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Statement of Robert W. Howarth to Congress on the Dangers of Fracking
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Statement of Robert W. Howarth to Congress on the Dangers of Fracking


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Cornell Professor Robert Howarth, Ph.D., appeared before a congressional subcommittee on May 31, 2012 to deliver his standard litany of fearmongering that fracking is unsafe and should be slowed or …

Cornell Professor Robert Howarth, Ph.D., appeared before a congressional subcommittee on May 31, 2012 to deliver his standard litany of fearmongering that fracking is unsafe and should be slowed or stopped. This is the official trascript of his prepared remarks.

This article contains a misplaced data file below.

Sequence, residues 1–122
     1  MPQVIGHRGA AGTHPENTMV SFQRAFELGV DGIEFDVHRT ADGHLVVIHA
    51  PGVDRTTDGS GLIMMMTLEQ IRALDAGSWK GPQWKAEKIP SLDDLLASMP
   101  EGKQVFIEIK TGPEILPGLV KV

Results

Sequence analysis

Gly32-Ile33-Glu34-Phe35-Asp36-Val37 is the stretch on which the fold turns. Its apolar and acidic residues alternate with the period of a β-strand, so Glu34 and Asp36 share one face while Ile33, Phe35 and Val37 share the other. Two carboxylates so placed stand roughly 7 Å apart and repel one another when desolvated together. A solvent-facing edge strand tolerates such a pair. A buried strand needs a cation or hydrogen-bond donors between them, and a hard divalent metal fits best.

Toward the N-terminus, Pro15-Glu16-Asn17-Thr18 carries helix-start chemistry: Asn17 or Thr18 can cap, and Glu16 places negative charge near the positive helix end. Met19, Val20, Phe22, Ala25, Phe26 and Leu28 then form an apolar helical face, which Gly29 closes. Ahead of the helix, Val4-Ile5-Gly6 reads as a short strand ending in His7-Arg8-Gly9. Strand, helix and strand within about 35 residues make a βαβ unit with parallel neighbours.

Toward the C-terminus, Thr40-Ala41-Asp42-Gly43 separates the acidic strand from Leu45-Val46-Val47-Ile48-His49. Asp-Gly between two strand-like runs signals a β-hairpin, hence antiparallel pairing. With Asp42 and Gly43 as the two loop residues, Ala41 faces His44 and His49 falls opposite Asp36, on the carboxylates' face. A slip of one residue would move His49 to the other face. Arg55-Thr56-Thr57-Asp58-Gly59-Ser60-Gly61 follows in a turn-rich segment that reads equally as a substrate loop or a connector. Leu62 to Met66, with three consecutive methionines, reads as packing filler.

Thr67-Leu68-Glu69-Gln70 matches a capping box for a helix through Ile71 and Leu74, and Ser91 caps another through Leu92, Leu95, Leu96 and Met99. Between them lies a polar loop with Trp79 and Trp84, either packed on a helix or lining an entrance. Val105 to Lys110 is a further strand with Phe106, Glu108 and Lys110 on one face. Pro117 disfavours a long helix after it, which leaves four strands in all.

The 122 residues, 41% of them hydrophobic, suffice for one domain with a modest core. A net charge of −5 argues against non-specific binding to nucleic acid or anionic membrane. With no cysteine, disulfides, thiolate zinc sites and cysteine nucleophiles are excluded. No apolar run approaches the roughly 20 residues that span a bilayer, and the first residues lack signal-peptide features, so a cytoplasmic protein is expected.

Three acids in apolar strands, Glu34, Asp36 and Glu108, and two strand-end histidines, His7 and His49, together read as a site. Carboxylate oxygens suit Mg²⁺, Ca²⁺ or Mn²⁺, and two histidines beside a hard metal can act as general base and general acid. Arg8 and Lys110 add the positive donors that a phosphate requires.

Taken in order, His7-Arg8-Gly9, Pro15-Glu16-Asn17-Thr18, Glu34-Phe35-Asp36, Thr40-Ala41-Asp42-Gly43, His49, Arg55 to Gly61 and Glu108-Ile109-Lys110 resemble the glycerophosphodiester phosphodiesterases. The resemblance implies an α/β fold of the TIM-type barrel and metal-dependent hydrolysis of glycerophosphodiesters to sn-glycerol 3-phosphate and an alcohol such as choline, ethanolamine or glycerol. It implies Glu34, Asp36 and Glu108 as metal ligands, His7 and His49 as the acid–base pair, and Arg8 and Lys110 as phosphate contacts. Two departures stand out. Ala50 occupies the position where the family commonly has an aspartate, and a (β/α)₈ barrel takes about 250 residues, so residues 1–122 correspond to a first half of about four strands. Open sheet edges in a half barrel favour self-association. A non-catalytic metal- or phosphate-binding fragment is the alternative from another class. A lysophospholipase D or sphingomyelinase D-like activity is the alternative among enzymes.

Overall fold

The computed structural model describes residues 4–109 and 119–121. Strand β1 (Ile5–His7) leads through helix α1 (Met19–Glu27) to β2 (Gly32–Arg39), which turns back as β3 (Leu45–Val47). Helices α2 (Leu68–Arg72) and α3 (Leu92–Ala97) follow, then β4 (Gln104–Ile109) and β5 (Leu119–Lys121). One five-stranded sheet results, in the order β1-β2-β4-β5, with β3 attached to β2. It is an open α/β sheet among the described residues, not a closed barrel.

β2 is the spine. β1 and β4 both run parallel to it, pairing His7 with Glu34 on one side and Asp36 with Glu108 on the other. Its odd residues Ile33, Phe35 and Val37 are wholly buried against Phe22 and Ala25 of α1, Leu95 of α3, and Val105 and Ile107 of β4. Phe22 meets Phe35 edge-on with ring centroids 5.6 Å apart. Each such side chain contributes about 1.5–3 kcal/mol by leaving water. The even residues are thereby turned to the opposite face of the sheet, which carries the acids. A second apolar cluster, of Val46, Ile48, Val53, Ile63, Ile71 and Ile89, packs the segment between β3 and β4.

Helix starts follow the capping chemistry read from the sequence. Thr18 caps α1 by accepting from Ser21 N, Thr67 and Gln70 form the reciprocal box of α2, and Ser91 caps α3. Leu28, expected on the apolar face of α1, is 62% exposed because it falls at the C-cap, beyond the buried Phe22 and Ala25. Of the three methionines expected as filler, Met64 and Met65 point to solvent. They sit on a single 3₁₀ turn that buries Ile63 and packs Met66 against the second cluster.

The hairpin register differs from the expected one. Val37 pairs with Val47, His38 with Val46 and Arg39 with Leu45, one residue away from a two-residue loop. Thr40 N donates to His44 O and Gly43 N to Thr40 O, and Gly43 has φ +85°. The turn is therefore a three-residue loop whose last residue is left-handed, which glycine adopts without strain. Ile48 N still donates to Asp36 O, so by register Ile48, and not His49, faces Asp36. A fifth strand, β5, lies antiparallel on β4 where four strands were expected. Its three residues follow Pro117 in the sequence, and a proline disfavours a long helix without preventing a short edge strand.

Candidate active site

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  • 1. Statement of Robert W. Howarth, Ph.D. before the Subcommittee on Technology, Information Policy, Intergovernmental Relations and Procurement Reform, Committee on Oversight and Government Reform, Congress of the United States, House of Representatives May 31, 2012 My name is Robert Howarth. I have been a tenured faculty member at CornellUniversity in Ithaca, NY, since 1985, and have held an endowed faculty position, the“David R. Atkinson Professor of Ecology & Environmental Biology,” since 1993. I am alsothe Founding Editor of the journal Biogeochemistry and an adjunct senior researchscientist at the Marine Biological Laboratory in Woods Hole, MA. I have performedresearch and published scientific papers on environmental risk assessment and theconsequences of pollution, including the effects of oil and gas development, since themid 1970s. I was invited to present information in this hearing on the environmental andpublic health consequences of hydraulic fracturing. Hydraulic fracturing is not new. Theprocess has existed for many decades, using relatively small volumes of water, tostimulate gas and oil wells to increase production. What is new is the combination ofhigh-precision, directional drilling with high-volume hydraulic fracturing. This newcombination uses many times more water and chemical additives for the fracturing,often 5 million gallons or more per well. This is 50 to 100 times more fracturing fluidthan used to stimulate conventional gas wells. The high-volume hydraulic fracturingcombined with directional drilling has allowed the exploitation of gas resources notpreviously available, such as shale gas. This combination of technologies to obtain shalegas is very new, first used in Texas just over a decade ago. And over half of all the shalegas that has ever been developed in the world has been produced in the last 3 years. Because the development of shale gas is so new, the science on this process andits environmental consequences is also very new. Almost all peer-reviewed scientificpublications on the environmental and public health consequences of shale gas havebeen published in the past 14 months, since April 2011. A list of these papers and theirabstracts can be found on the web site of Physicians, Scientists, and Engineers forHealthy Energy ( Today, I willbriefly summarize the findings of this new, developing science. 1